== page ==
Essential Treestand Gear

Posted by: Steve Flores on Oct 12, 2012
Page 2 of 4

Calls
While I tend to think that most areas are either “called” to death, or deer ratio’s are so far out of whack that certain types of calls aren’t very effective, I do believe there should always be room in your backpack for one or two.  If I had to choose a single call it would be the “snort-wheeze”.  As of late, I have gotten the most reaction out of this call when compared to a grunt tube, rattling antlers or even an estrus bleat.  That’s not to say that I haven’t had success with the other calls from time to time.  But, overall, the snort-wheeze seems to be enticing the most curiosity these days.

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While using calls is a good strategy, consider where and when you are using them before adding this technique to your bag of tricks.
 
Still, when hunting in areas that have ideal buck-to-doe ratios, a good rattling bag and a grunt tube are hard to beat during the days leading up to actual breeding; as is an estrus bleat call.  In addition, I often prefer the compact size of rattling bags (despite the added weight), over much larger real or synthetic antlers.  Of course, the choice is really up to you.

Magic Elixirs
When it comes to bowhunting, the goal is to get as close as possible to your prey.  Unlike spot and stalk bowhunters, treestand hunters don’t have the luxury of mobility.  Therefore, it is imperative that we hang our stands in the best locations….yeah, if it were only that easy.  This is where scents can tip the odds in your favor. 
 
On more than one occasion, I have had bucks pass by my stand that otherwise would have gone the other way, if not for some type of attractant I had applied somewhere nearby.  Not only can certain types of scents be used to bring whitetails in, they can also be used to stop them in specific shooting lanes when applied properly to either the ground or neighboring vegetation.  A few drops of doe estrus scent placed along a well-worn trail will almost guarantee a buck stops to investigate; giving you the perfect opportunity to draw and shoot.

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Scents, such as Tink's Power Scrape, are good for not only bringing deer in close, but they can also be used to stop deer in shooting lanes for the perfect shot.  
 
Additionally, there are scents on the market that are aimed primarily at covering your own stench.  You can never be to scent-cautious when dealing with whitetails; especially if you are targeting older-class bucks.  Choices include animal-based cover scents such as fox or coon urine, food type cover scents like acorn or apple blends, or non-scented odor elimination sprays like those from Tink’s, or Scent-Away (by Hunters Specialties); just to name a few.  These products can be applied to anything that accompanies you into the field, anytime of the year.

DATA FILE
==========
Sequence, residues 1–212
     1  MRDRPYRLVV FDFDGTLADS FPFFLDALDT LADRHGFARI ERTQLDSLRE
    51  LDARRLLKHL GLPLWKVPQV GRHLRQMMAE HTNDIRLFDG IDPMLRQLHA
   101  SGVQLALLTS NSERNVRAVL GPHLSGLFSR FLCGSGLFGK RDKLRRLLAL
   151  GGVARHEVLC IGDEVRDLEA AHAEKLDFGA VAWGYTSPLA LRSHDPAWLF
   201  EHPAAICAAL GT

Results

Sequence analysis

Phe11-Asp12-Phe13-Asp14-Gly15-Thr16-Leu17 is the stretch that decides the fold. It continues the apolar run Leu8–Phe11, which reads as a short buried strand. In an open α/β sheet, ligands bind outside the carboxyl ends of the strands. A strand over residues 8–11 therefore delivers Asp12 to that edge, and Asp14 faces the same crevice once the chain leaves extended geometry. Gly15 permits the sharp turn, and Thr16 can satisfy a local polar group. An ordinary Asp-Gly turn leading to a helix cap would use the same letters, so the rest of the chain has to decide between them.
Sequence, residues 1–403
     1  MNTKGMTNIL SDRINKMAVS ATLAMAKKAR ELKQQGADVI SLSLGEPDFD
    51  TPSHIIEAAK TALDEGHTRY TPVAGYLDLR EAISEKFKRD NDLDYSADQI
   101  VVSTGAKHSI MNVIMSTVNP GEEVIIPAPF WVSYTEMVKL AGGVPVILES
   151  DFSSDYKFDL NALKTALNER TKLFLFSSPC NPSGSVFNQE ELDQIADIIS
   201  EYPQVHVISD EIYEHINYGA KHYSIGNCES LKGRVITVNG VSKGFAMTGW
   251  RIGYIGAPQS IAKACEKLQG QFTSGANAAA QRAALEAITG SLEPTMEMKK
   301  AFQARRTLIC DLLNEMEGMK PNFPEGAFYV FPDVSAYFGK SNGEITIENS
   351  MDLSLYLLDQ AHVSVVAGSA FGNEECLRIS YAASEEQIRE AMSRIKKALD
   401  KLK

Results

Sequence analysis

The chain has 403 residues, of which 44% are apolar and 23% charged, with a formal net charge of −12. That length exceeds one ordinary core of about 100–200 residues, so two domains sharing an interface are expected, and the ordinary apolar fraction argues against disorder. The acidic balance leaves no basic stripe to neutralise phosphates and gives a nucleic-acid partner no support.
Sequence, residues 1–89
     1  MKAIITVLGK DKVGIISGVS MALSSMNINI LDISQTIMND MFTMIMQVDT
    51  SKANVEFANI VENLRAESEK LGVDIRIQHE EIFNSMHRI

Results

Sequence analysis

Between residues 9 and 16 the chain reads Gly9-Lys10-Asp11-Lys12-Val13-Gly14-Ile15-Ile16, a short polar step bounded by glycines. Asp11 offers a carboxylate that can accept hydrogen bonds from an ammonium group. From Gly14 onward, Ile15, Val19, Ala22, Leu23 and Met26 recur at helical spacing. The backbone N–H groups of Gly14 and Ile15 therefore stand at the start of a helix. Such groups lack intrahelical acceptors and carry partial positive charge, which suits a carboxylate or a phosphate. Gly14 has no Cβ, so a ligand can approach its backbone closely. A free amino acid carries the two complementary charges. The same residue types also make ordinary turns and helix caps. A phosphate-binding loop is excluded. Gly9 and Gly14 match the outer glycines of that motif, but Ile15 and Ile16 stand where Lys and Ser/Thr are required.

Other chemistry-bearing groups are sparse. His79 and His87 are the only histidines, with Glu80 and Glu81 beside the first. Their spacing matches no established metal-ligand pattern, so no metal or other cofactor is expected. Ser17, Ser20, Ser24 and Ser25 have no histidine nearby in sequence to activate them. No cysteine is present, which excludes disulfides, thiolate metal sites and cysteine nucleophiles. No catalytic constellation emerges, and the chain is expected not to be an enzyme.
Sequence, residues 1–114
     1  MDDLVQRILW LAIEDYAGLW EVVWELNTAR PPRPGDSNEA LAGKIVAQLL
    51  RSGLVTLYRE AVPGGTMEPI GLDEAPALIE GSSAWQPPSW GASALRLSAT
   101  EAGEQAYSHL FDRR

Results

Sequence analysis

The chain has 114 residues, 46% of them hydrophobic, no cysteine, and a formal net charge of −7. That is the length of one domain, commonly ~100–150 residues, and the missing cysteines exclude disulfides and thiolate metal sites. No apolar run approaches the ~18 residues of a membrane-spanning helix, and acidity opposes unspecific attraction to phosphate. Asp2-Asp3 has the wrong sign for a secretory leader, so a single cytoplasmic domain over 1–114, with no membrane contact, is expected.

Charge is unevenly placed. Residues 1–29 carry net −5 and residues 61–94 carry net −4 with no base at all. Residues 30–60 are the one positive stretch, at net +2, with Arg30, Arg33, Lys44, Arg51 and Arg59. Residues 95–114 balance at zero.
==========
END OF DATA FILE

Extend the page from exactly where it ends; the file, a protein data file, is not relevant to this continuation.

The most important thing to remember though when using animal or food based cover scents is to make sure the odor is naturally occurring in your area.  In other words, if fox are not common where you hunt, then using fox urine to mask your own scent could very well alert deer that something just isn’t right.  They may not actually smell you, but the end result will be the same.

See the Game
You may think that a good pair of bino’s is better suited for someone hunting vast amounts of real-estate that require hours of “glassing” before moving in for a shot, but they indeed have their place in the treestand bowhunters backpack.  Not only are they ideal for getting a closer look at animals just out of range, they can be great for passing time when movement is slow.

I have found a good pair of binoculars to be very handy, even in the eastern mountains I hunt which offer limited visibility in most areas.  More than once, I have spotted and examined rubs and scrapes from my stand, studied topographic features on distant ridges and mountains, and even watched a few unaware bowhunters move through the area----all with my bino’s.

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2 Comments on "Essential Treestand Gear"

it is great #
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Posted by lilytang on 10/18/2012 7:46:05 PM
Re: Essential Treestand Gear #
In most hunting situations, a standard range finder will work just as good as these "angle conpensating" ones. Do a simple pythagorean theorem calculation before you waste your money on these. Unless you are shooting at an animal over 50 feet below you and at over 30 yards, it isn't going to matter much.
Posted by RB on 10/23/2012 11:17:22 AM

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